Access to care in the times of COVID: mammogram edition

As appeared in the Winter 2022 issue of Scripts.

For those in health care, no matter the role, providing patients with access to quality care is a priority. Whether it is emergency care for an acute illness, treatment of a chronic condition, or routine screening services, it is important that patients have access to these services. During a global pandemic, such as the current COVID-19 crisis, some patients have limited access to medical care and, unfortunately, screening services are often skipped entirely. 

According to Dr. Lisa Bennett with Northside Radiology Associates, a board-certified and subspecialized breast radiologist and director of breast services at Northside Hospital Cherokee, the ramifications of skipping annual screening mammograms have become evident during the past two years. 

“We are diagnosing breast cancers at more advanced stages,” said Dr. Bennett. “For those women who could not have their annual mammograms because of COVID restrictions or who opted to not have their mammograms because of personal choice, that missed year in screening could result in detrimental outcomes. We are now seeing evidence of that with these cancers that are more advanced because of a delay in diagnosis.” 

Scholarly research has shown that mammograms are the only diagnostic study proven to reduce the rate of death from breast cancer

“Early detection saves lives. Cancers found during annual screening mammography are more likely to be smaller and confined to the breast,” said Dr. Bennett. “We support the American College of Radiology’s recommendation that women of average risk have routine screening mammograms every year beginning at age 40.”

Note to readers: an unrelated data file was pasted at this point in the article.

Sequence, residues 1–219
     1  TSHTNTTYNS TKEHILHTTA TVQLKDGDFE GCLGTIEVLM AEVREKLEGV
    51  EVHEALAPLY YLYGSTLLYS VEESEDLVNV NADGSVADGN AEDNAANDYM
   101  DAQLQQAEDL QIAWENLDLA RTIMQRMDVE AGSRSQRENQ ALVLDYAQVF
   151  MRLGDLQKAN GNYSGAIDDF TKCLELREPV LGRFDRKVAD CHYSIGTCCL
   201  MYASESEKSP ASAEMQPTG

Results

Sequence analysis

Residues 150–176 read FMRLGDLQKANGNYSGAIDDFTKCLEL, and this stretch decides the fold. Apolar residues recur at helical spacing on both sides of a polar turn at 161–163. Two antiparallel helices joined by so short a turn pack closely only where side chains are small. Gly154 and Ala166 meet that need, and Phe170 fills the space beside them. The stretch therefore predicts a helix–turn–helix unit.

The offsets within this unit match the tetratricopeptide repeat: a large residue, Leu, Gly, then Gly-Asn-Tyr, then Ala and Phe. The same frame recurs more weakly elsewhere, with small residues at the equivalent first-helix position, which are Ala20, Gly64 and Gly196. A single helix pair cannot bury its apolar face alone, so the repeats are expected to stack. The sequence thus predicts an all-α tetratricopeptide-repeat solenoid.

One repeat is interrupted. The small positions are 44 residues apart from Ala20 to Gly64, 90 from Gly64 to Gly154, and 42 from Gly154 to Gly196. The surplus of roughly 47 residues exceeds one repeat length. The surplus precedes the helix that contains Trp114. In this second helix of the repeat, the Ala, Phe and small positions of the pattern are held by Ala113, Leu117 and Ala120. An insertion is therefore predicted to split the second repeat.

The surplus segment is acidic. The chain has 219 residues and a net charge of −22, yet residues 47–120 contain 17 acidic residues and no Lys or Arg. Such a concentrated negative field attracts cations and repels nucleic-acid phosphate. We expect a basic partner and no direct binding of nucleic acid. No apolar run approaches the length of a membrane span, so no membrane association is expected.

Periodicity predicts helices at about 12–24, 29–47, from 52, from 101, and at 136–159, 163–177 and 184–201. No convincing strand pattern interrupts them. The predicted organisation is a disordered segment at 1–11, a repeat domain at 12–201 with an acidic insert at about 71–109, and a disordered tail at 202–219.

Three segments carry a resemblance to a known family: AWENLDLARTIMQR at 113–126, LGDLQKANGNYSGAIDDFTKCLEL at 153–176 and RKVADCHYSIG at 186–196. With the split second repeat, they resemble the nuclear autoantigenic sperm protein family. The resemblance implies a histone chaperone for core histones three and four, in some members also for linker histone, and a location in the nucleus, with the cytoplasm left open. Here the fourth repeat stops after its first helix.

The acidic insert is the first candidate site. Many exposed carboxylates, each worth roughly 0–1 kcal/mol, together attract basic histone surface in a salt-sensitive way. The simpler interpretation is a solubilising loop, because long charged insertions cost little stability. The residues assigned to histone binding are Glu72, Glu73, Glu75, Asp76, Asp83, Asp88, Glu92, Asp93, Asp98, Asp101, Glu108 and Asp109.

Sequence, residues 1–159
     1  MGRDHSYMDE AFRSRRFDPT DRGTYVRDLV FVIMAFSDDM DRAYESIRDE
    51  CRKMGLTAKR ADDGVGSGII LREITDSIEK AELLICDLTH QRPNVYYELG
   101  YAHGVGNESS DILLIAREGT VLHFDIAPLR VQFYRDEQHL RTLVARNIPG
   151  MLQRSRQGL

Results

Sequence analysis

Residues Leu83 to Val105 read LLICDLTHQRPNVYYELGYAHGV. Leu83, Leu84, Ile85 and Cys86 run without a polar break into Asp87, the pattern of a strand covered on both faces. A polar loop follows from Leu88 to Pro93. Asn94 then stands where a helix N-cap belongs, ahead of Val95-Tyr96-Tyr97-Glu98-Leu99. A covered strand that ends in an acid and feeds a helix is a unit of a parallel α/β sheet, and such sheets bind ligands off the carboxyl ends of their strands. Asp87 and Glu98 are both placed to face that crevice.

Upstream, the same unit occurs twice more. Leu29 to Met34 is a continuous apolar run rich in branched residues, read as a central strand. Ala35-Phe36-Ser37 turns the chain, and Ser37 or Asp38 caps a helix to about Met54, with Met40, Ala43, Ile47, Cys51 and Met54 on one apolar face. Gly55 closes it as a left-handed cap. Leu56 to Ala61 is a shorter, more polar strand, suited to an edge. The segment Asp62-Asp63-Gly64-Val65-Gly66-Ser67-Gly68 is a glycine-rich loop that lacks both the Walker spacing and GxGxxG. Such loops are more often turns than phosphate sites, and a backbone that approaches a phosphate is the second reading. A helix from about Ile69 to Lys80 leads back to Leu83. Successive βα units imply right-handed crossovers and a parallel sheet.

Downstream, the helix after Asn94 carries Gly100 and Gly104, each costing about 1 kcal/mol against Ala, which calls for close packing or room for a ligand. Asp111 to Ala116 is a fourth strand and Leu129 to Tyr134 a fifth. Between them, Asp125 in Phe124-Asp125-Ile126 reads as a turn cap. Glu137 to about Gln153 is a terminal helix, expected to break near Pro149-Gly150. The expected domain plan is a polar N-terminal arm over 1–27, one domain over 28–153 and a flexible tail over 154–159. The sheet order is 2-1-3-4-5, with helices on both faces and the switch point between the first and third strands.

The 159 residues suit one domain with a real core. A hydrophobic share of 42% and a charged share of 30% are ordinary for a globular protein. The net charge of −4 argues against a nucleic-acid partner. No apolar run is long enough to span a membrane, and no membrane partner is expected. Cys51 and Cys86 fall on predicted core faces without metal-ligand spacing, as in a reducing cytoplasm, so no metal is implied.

“We are able to detect changes in women who are imaged every year,” Dr. Bennett added. “For women who skip their mammograms, the time between screening increases by at least a year, and that extra time can potentially allow cancers to grow unchecked.” 

Another common question related to mammography and COVID centers around the timing of vaccinations. 

“A very common reaction to the COVID-19 vaccine is the swelling of lymph nodes under the arm on the same side as the injection,” said Dr. Bennett. “This is normal, and is a good sign that the immune system is responding appropriately. However, when seen on a mammogram, swollen lymph nodes sometimes indicate a more serious problem.” 

Dr. Bennett and her colleagues at Northside Radiology Associates recommend that women, who are considering getting the COVID-19 vaccine near the time that they are due for their screening mammogram, get their mammogram first. If that is not possible, they should wait at least three weeks after vaccination to come in for their routine screening. 

“This reduces both the chance of being called back and could eliminate the need for follow up testing to rule out other causes of swollen nodes,” said Dr. Bennett. “The exception, however, is diagnostic mammograms. If a patient needs a diagnostic mammogram or has an area of concern in her breast, she should not delay that appointment.” 

At Northside Hospital and its imaging center locations, safety measures remain in place to reduce risk of exposure, while still allowing access to important screening services. Northside offers the most advanced 3D mammography technology at all of its mammography locations. The expertise and collective experience of the breast radiologists at Northside Radiology Associates is unmatched in the Southeast. 

To schedule a mammogram, or any radiology services at Northside, call 404-851-6577. For more information, visit

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About the Author

Dianne Keen

Specialties: Radiology

Dianne Keen is the director of practice development and strategic initiatives for Radiology Partners, of which Northside Radiology Associates is an affiliate practice. She has supported the Northside Radiology Associates breast care team for the past 10 years.

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